Subject: Re: UVM/other problems for desktop users in current?
To: NetBSD-current Discussion List <email@example.com>
From: George Michaelson <firstname.lastname@example.org>
Date: 12/18/2002 15:32:16
On Wed, 18 Dec 2002 00:01:43 -0500 (EST) email@example.com (Greg A. Woods)
> [[ please honor my reply-to:, at least if you're going to reply to the
> list, so that I don't get duplicates -- and do feel free to set your own
> reply-to: similarly! ]]
done. kinda. sylpheed/MH isn't quite as smart as I'd hoped.
> [ On Wednesday, December 18, 2002 at 14:20:59 (+1000), George Michaelson
> wrote: ]
> > Subject: Re: UVM/other problems for desktop users in current?
> > I'm running what a normal desktop user self-supporting can expect to have
> > to run. If the mix is 'bad' then its worth noting the interactive response
> > on other BSD variants (FreeBSD) isn't this bad, and on Linux is
> > impercepable by comparison, *for the same job mix*
> You can't expect the default out-of-the-box kernel to be tuned ideally
> for all possible job mixes. NetBSD seems to work better, "out of the
> box", as a plain multi-user server, not as a "do it all wonder
> workstation". Maybe those other systems have been tuned to give the GUI
> a bigger share of the resources pie.
Yes. I think thats very true. Pragmatically, they (FreeBSD/Lunix) tune for the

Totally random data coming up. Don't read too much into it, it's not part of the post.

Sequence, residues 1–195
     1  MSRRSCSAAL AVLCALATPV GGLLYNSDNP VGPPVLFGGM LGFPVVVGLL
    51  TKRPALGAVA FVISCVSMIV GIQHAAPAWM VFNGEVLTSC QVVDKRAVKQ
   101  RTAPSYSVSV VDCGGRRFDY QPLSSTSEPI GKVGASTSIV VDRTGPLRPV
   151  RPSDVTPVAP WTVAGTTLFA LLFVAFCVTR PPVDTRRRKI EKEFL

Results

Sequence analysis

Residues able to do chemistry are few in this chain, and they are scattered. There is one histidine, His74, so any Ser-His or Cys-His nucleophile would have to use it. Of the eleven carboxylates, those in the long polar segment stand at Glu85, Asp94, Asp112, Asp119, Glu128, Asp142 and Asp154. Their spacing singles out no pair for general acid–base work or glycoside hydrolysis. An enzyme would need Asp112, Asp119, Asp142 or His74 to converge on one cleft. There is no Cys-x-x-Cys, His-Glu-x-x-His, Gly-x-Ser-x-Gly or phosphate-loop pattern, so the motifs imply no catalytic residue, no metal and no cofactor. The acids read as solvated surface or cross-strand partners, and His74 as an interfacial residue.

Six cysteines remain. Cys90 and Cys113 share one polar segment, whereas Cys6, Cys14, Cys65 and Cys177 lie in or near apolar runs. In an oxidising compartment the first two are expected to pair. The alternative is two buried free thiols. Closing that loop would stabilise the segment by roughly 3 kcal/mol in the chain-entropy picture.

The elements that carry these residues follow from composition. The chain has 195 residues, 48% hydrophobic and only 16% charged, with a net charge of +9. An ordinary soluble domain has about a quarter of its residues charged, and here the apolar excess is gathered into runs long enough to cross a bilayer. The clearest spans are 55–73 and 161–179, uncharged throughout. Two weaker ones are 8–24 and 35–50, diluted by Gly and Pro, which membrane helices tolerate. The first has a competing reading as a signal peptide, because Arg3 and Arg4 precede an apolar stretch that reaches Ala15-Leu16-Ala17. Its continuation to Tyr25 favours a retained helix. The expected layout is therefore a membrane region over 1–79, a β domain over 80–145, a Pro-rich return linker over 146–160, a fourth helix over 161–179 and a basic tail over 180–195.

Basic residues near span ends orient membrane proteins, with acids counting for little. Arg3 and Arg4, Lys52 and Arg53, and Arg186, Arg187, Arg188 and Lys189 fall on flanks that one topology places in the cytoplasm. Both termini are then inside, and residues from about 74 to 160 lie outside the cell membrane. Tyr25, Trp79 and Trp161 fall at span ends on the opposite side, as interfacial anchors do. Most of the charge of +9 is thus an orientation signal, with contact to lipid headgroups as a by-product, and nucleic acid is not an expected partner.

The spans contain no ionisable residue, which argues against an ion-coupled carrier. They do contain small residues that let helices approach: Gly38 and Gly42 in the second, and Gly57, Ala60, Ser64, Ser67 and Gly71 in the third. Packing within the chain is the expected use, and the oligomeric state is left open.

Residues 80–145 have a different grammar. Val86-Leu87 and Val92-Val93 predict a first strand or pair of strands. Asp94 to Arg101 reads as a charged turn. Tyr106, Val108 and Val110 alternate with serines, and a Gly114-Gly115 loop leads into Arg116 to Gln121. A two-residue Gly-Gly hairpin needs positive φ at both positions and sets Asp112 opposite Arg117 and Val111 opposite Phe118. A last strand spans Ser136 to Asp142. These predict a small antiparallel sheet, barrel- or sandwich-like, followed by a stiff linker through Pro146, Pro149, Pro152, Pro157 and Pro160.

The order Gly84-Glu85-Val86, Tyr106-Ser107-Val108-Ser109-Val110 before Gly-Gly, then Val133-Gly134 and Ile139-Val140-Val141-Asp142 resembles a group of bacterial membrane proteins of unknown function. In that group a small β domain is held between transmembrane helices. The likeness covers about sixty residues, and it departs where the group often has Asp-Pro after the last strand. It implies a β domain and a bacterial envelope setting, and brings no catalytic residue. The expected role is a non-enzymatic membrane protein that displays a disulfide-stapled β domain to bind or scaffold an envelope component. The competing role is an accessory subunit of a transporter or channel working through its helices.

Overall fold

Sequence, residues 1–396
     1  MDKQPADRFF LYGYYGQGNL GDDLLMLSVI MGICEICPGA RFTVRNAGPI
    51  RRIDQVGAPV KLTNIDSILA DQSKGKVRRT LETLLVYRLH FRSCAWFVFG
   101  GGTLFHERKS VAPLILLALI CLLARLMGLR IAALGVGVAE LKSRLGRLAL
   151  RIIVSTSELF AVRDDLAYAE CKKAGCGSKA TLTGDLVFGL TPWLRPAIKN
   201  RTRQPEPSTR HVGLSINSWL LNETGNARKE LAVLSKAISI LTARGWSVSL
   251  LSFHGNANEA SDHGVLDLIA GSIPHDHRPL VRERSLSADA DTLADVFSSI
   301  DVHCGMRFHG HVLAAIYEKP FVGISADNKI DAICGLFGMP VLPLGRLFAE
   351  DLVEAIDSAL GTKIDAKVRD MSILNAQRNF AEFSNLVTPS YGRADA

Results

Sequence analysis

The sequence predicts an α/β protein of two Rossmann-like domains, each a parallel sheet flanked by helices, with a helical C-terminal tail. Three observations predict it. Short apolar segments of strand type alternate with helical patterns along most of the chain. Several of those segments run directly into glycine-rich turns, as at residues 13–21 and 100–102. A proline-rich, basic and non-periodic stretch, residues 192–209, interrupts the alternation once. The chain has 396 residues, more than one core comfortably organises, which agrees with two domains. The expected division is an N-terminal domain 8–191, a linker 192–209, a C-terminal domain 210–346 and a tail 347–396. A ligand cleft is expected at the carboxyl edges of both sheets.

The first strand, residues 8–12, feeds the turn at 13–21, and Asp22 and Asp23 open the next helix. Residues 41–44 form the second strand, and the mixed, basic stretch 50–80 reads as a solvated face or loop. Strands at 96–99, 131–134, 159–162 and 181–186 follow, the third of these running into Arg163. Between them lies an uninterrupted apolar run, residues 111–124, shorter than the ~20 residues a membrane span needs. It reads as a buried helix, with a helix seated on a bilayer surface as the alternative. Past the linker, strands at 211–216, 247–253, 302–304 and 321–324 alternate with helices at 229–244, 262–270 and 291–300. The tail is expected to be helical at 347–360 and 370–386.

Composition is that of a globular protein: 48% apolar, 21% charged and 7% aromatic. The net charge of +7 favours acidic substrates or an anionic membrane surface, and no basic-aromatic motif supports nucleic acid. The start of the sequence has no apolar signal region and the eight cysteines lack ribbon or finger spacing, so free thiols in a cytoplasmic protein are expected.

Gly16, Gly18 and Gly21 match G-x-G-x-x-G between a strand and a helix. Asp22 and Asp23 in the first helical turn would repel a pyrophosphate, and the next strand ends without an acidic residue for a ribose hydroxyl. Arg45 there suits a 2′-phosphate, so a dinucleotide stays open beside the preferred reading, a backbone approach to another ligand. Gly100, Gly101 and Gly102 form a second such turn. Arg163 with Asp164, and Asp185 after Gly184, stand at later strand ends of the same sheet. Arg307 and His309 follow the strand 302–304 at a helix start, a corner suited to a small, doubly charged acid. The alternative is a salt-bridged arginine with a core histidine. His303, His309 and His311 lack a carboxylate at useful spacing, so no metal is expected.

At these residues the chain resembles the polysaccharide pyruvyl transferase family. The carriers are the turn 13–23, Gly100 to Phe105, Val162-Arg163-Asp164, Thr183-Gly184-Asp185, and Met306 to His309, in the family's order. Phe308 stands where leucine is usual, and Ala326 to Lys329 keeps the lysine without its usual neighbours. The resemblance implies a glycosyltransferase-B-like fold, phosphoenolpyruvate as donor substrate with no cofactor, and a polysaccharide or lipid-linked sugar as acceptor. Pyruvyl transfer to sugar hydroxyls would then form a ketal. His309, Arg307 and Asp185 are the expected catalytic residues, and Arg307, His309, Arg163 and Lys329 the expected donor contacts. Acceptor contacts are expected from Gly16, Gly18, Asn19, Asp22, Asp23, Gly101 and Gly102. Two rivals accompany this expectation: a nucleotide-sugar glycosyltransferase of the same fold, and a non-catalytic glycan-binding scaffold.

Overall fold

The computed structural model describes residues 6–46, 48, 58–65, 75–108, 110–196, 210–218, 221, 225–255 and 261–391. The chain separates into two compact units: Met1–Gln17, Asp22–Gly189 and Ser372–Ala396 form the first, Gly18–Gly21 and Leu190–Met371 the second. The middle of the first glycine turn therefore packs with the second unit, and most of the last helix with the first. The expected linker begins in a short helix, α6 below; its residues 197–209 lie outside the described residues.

end-user experience and offer guidance to server-end people to re-tune.
However, I've not found their out-of-the-cd kernel to be workable for other
reasons, such as the compiled-in memory limits, or needing MP. But after a
kernel re-build I found FreeBSD very performant on servers with next to no
sysctl tuning. That bears thinking about.
> > I realize this is subjective measures stuff, the thing is, its noticably
> > differently worse on this NetBSD. Which is a shame, because in so many
> > other ways its a better, more runnable release family.
> Still, really, what do you expect when you go about asking your CPU do
> run a whole bunch of very large applications, all which must display
> their updates through another large application, all the while you're
> asking it to work as hard it can at running some compiles and doing some
> I/O intensive wandering about on large portions of your filesystem?
> Something _must_ suffer when you punish your machine that way. On
> NetBSD it's the Xserver, at least that's what happens "out of the box".
Ok, within limits I can buy this. But, out of the box, other BSD architectures
seem to provide a sweeter sweetspot. X may be a dog, but on a Ghz CPU and big
memory its kinda strange NeBSD can't find the same spot.
> > Right. So in not running 'new' kernels, is it possible that we're on the
> > 'older is better' track here, the difference between -stable and -current
> > and
> No, absolutely not. My point was that I'm running a kernel that uses
> pretty much the default VM tuning parameters (and I haven't changed them
> in the code). If you are running a newer kernel then you have a lot
> more knobs to twist than I do.